As we’ve discussed here on Gear Patrol, BMW’s naming conventions these days are, shall we say, a tad confusing. Sedans wind up being called coupes; 3s become 4s, 6s becomes 8s; and the letter M winds up being tossed around willy-nilly like never before. But as some guy from Stratford-upon-Avon once put it, a rose by any other name would smell as sweet. So no matter what badge BMW slaps upon it, it’s hard to argue that the new M8 Gran Coupe is anything other than a very sexy sport sedan.
A speedy one, too. Like the two-door M8 that deserves its coupe nomenclature, the M8 Gran Coupe and M8 Gran Coupe Competition use the same powertrain as the BMW M5 and M5 Competition, respectively: a 4.4-liter twin-turbocharged V8, connected to all four wheels through an eight-speed automatic.
That engine churns out a claimed 600 horsepower in the “lesser” M8 and 617 ponies in the M8 Gran Coupe Competition, with 553 lb-ft of torque available in both models — just like the M5s. And, like the hot boy 5 Series twins, the M xDrive AWD system and active rear limited-slip differential can shift the amount of power flowing between the axles and the rear wheels as needed, increasing the share of power heading astern all the way to 100 percent if you feel like vaporizing some expensive tires.
The biggest difference between the M8 GC and its relatives lies with that slippery body. The rear end is 1.5 inches wider than the already-bootilicious M8 coupe; compared with that car, the roofline has been raised and the windshield elevated to a less-acute angle to make room inside. Interestingly enough, the so-called “flying buttress design” of the metal around the rear glass has to be folded by hand, due to its design.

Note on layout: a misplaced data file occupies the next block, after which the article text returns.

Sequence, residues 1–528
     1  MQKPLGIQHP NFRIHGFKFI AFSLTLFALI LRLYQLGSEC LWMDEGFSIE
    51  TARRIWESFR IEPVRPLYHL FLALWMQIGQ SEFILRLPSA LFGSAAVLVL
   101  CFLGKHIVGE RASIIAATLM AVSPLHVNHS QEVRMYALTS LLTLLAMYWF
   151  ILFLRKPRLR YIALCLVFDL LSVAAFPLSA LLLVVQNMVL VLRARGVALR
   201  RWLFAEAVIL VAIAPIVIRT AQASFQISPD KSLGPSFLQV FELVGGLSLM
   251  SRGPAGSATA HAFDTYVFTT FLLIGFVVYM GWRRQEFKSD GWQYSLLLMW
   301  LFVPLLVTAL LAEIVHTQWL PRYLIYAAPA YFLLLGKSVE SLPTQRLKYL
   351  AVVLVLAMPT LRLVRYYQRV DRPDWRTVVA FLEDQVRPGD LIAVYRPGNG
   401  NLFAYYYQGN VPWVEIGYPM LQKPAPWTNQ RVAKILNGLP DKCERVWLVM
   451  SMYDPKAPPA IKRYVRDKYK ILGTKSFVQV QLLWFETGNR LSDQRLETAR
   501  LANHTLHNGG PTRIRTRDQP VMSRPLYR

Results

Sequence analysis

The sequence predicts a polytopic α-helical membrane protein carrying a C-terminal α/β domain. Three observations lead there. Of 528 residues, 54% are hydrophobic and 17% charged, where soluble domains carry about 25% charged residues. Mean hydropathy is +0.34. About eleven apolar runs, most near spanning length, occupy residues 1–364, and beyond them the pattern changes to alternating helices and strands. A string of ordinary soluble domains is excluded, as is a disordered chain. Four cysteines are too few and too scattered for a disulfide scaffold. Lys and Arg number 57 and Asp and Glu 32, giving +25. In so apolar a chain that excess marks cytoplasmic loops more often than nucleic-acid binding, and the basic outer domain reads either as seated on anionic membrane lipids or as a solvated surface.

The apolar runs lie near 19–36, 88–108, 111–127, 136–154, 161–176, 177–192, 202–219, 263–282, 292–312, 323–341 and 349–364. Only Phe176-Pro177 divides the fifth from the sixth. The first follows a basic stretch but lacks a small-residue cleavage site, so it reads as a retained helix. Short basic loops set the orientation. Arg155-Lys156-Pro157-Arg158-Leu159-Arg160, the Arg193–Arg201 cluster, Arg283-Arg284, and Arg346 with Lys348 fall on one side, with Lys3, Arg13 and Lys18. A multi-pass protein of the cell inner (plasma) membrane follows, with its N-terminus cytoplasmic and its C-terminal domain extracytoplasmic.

Inside, there’s room for four people to nestle comfortably into their chairs, with the center console stretching all the way to the back seat. (BMW claims the rear center seat can still be used when needed, but from the sound of things, we wouldn’t wish that spot on our worst enemy.) And as you’d expect from a car positioned at the top of BMW’s expansive model lineup, the interior is outfitted with all varieties of luxurious and high-tech features and options, from special M Sport seats with light-up badges to a 12.3-inch digital instrument panel and a 10.3-inch center display. (Fun fact: Activate the car’s Track mode, and that display goes dark to minimize distractions. Track mode also turns off the radio.)
Which, of course, brings us to the price. The M8 Gran Coupe starts at $130,000, while the M8 Gran Coupe Competition starts at $143,000. That’s $27,300 and $33,00 more than the M5 and M5 Competition, respectively — both of which offer effectively identical performance. Is the M8 GC’s added style worth enough money to buy its more staid brother and a new Mazda Miata? That’s up to you.
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